Commuter rail trains might give you better luck, but results may vary. Light rail trains and subways will likely suffer from the same issues as cars because the frequent stops and variable speed throw off Travel Mode. However, something like a long-distance commuter rail train making only a few stops might work with Travel Mode. Officially, Apple's guidance for using Travel Mode is simple: stick to airplanes. 

How to start using Travel Mode

Apple Vision Pro on a table next to the battery.

(Image credit: Brady Snyder / Future)

You shouldn't try to use Travel Mode in Apple Vision Pro while your airplane is taking off, taxiing, or landing. In-flight turbulence may cause an issue with Travel Mode as well. However, if you've gotten through the takeoff and are settling in for the flight, you can start using Travel Mode by following the steps below. Vision Pro might also prompt you to use Travel Mode automatically if it detects that you're on an airplane.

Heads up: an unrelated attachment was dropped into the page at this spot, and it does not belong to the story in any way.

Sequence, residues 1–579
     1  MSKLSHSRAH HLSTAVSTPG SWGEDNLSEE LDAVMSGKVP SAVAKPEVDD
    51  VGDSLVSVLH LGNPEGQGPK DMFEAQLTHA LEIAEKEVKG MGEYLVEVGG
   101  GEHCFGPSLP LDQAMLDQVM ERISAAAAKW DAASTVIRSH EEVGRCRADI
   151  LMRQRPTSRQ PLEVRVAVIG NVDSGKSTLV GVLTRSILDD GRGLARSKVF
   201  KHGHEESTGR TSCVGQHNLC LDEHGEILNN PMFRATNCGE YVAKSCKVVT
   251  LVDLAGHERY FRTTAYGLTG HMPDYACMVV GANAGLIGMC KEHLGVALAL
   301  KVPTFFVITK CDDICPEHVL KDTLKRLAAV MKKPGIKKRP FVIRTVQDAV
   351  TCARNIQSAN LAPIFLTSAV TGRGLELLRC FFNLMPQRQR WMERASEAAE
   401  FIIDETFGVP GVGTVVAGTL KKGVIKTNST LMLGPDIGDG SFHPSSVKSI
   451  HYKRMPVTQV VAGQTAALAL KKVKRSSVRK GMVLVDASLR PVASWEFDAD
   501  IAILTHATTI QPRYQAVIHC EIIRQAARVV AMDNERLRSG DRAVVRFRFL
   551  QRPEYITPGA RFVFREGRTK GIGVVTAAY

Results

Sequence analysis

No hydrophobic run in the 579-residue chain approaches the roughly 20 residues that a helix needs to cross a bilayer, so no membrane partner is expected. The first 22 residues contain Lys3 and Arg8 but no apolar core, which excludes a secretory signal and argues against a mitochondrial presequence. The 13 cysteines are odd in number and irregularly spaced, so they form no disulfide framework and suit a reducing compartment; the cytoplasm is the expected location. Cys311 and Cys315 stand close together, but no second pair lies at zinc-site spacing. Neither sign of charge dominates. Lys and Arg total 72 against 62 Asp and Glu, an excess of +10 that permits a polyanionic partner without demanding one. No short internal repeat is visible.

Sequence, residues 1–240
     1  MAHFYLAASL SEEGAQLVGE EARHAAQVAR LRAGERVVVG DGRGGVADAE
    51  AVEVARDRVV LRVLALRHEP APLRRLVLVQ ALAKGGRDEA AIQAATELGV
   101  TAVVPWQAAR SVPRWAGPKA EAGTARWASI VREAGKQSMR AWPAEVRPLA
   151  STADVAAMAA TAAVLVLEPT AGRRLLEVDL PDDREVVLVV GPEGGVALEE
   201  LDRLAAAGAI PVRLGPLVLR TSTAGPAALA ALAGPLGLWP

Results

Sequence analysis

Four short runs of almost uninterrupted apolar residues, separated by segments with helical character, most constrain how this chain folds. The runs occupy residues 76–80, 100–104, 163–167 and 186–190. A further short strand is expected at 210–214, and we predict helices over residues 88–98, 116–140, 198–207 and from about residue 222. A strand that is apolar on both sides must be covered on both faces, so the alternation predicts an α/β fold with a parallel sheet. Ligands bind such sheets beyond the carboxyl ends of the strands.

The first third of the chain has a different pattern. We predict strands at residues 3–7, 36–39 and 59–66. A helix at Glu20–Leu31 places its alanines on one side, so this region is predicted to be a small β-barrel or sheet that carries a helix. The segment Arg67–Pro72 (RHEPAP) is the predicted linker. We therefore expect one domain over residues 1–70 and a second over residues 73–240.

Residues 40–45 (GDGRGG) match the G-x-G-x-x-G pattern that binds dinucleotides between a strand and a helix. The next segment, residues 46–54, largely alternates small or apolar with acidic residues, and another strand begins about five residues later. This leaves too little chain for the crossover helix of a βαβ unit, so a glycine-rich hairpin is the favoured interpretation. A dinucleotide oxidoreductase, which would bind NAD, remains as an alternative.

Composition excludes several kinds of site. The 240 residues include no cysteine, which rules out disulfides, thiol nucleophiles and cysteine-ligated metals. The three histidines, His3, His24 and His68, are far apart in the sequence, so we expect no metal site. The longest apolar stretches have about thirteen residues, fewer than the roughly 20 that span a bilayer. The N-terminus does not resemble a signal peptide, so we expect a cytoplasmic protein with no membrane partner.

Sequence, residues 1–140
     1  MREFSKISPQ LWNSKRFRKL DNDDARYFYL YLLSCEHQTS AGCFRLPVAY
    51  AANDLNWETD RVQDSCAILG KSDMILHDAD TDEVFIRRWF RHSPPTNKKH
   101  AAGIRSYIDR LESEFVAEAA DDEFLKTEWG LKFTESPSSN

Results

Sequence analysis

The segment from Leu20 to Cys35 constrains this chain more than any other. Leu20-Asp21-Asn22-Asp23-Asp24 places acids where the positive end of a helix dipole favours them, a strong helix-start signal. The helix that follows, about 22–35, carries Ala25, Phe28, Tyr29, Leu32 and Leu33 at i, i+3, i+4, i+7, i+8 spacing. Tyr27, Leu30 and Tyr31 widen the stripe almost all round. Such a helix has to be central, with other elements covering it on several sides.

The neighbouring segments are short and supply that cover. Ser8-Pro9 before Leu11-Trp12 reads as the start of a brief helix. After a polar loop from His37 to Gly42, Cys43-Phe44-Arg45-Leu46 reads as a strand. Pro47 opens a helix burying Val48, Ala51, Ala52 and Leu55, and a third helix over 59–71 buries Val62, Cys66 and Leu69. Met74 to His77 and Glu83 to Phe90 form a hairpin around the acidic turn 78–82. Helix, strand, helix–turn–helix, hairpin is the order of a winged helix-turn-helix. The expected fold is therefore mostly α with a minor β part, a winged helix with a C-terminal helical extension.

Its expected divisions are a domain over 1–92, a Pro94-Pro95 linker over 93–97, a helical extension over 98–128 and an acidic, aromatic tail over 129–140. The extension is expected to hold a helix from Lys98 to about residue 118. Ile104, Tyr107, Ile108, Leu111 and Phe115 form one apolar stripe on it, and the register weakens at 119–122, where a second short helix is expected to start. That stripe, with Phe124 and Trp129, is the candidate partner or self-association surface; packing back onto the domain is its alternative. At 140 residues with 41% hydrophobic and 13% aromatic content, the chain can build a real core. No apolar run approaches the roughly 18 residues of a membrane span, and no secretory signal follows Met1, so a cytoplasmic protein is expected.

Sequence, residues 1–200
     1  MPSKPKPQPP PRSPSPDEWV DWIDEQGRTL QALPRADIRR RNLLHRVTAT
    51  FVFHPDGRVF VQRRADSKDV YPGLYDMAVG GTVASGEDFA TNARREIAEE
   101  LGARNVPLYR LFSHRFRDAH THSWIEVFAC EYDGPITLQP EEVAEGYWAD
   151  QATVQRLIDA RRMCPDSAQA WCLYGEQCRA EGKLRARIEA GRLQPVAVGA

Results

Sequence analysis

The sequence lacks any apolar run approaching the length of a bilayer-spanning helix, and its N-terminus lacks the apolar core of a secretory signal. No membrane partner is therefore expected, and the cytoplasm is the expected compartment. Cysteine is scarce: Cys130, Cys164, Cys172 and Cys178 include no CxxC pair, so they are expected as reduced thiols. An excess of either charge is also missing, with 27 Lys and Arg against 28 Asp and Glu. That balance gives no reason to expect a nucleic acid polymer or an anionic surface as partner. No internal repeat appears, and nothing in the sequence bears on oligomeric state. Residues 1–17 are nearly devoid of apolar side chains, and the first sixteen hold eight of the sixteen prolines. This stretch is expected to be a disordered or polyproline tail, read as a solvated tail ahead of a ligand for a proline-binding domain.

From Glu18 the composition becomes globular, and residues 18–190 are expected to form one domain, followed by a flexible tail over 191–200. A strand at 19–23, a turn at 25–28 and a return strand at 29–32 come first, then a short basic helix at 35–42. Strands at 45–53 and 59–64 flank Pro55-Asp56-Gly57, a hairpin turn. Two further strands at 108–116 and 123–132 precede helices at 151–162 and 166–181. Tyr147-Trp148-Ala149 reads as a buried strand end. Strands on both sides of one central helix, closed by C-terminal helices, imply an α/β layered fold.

Travel Mode screenshots on Vision Pro.

(Image credit: Brady Snyder / Future)
  1. Look up, wait for the Control Center bubble to appear, and pinch to open the Control Center
  2. This will open a compact Control Center view, but you'll need to look at the Control Center icon again and pinch it to see more settings
  3. Look at the Travel Mode icon and pinch it. The icon is right under the Wi-Fi symbol, and is the Vision Pro logo with three lines on top of it
  4. A pop-up will appear explaining how Travel Mode works, and further saying that it should only be used on planes. Pinch the Turn On Travel Mode button to continue

After that, Travel Mode will be enabled. To continue using Travel Mode without issue, make sure you don't look out your airplane windows, as the moving environment can disrupt Travel Mode. You can also long-press the Digital Crown to re-center your view if it does not appear to be straight. With Travel Mode on, you can use Vision Pro like normal, but some immersive features will be disabled. 

How to stop using Travel Mode

Apple Vision Pro on a couch.

(Image credit: Brady Snyder / Future)